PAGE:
BACKGROUND: Quick scaling-up of innovative and promising interventions in health systems of low and middle-income countries to rapidly achieve population level benefits is a key challenge. While there is consensus on the need for rigorous scientific evidence on effectiveness of interventions before considering scale-up, there can be significant time lag for the want of gold-standard evidence. The Safe Childbirth Checklist (SCC) programme in India, demonstrated how an innovation was robustly evaluated and scaled up nationally, within a short span of time. In this narrative review, we describe the strategies discussed in various published scale-up frameworks and map them against the strategies adopted by the SCC programme to identify accelerators which facilitated its rapid scale up.
METHODS: The narrative review - done from May to June 2017 - involved keyword searches of electronic databases of PubMed, Ovid Medline and Google Scholar. It included the key words 'pilot', 'health innovations', 'scale-up', 'replication', 'expansion', 'increased coverage', 'conceptual models for scale-up', 'frame-works for scale-up', 'evidence for scale-up' in the title of publications,. This search was limited to publications in English after the year 1995. We used snowball sampling approach (by referring to bibliographies of shortlisted publications) to identify additional publications related to scale-up. We then screened the identified publications independently and relevant publications that discussed attributes for a conceptual model for scale-up of public health interventions in low and middle-income countries were shortlisted. We then mapped the strategies we used in SCC program scale up against those described in the shortlisted frameworks to identify seven accelerators which facilitated rapid scale up.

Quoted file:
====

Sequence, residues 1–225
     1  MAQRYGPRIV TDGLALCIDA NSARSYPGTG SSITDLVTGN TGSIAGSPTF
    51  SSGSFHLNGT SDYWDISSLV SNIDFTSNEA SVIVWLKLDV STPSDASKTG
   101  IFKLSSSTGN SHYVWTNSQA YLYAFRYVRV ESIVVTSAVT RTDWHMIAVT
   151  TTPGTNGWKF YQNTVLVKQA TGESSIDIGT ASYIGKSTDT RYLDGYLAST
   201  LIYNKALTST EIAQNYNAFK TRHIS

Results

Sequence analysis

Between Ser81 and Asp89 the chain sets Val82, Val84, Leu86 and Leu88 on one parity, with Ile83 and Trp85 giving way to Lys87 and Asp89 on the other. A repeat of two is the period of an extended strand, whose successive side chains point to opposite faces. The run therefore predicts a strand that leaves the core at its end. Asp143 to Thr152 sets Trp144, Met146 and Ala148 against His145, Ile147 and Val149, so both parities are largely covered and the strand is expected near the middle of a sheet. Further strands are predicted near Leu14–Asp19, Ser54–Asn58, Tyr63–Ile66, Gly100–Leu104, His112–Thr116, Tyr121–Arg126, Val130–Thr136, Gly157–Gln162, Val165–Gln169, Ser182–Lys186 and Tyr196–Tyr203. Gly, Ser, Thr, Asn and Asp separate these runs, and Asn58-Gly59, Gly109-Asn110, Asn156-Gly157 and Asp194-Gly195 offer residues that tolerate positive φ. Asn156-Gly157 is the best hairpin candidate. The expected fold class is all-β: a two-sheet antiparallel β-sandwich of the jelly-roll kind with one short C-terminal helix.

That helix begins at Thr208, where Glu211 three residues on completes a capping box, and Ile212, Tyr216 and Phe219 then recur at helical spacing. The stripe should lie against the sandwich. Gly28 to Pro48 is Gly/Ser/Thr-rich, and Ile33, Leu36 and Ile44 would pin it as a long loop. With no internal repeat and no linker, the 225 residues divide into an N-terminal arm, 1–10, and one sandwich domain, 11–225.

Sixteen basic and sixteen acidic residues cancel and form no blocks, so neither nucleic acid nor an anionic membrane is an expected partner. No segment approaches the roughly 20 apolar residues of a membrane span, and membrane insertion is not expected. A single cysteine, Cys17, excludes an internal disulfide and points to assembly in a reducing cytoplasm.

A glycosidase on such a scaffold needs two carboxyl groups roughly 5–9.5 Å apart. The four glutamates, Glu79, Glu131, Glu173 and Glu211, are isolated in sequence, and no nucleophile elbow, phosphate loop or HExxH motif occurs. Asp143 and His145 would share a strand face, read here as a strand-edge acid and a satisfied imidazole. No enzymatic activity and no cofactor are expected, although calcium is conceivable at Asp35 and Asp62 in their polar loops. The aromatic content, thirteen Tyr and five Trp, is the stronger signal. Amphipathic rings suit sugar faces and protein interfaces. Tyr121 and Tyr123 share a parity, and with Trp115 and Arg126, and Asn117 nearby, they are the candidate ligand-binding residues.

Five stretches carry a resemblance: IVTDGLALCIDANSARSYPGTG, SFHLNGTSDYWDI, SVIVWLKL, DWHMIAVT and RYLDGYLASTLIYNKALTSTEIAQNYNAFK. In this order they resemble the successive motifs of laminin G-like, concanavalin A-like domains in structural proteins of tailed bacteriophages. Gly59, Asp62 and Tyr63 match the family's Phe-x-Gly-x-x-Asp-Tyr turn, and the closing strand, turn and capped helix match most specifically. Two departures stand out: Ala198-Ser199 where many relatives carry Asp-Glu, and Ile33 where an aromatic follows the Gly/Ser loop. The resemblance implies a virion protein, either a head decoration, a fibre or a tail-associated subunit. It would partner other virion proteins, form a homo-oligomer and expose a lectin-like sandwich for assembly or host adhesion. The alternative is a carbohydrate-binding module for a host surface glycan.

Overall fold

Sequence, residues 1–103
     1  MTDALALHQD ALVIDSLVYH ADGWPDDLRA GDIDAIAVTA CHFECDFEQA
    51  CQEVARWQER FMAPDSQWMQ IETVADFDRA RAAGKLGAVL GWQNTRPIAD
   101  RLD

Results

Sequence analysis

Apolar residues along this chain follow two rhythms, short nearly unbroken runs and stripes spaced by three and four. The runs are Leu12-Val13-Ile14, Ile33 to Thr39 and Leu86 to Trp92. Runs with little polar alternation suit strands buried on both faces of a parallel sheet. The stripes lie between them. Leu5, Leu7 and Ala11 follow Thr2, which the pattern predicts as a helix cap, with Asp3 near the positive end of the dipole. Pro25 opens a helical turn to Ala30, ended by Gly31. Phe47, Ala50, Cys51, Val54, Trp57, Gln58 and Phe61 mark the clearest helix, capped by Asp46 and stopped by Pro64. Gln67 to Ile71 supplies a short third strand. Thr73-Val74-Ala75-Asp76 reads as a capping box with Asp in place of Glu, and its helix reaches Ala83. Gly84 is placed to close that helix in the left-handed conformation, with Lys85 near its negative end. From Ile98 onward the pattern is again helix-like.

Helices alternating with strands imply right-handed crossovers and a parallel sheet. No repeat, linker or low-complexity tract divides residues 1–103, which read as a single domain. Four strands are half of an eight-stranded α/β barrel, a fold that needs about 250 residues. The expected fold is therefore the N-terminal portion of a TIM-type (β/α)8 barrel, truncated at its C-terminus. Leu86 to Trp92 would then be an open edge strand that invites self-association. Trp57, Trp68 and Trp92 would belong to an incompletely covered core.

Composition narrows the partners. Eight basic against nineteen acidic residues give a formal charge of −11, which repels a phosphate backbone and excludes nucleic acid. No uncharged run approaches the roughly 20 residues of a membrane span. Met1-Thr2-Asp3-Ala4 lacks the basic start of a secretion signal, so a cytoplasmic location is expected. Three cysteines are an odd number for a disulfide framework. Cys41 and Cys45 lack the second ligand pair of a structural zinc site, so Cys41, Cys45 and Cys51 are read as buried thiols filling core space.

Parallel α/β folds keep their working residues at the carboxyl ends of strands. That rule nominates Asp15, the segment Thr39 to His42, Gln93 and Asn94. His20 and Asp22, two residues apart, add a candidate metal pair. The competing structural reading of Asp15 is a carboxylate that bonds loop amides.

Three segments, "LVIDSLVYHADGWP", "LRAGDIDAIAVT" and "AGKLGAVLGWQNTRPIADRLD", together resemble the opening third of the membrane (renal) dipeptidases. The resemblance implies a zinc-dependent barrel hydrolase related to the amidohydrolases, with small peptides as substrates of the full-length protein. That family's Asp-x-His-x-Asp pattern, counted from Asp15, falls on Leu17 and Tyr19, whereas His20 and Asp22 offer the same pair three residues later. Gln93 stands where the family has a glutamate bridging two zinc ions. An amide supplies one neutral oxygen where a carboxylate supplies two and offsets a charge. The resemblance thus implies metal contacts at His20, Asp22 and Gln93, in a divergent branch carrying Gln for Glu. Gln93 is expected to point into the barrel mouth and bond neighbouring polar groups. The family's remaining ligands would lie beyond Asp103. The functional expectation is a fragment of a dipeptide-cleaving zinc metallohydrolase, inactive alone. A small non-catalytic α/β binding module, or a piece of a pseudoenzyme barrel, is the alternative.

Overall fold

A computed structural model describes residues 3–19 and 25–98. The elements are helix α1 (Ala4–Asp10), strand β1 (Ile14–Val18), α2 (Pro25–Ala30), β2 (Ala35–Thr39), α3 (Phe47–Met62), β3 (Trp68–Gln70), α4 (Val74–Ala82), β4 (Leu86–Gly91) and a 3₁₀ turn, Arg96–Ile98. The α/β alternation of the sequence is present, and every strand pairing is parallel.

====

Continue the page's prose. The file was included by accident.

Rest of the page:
RESULTS: The identified accelerators were: testing the intervention in real world, resource constrained settings; using an appropriate and time sensitive research design; testing the intervention at substantial scale and in diverse settings; using an adaptive and iterative prototyping approach for implementation; sharing data and evidence with key stakeholders on an ongoing basis; targeting bridge resources through strategic engagement of stakeholders and timely integration of scale-up plans with annual planning and budgeting cycles and systems.
CONCLUSION: These accelerators will complement current frameworks and provide guidance to future scale-up initiatives in India and elsewhere.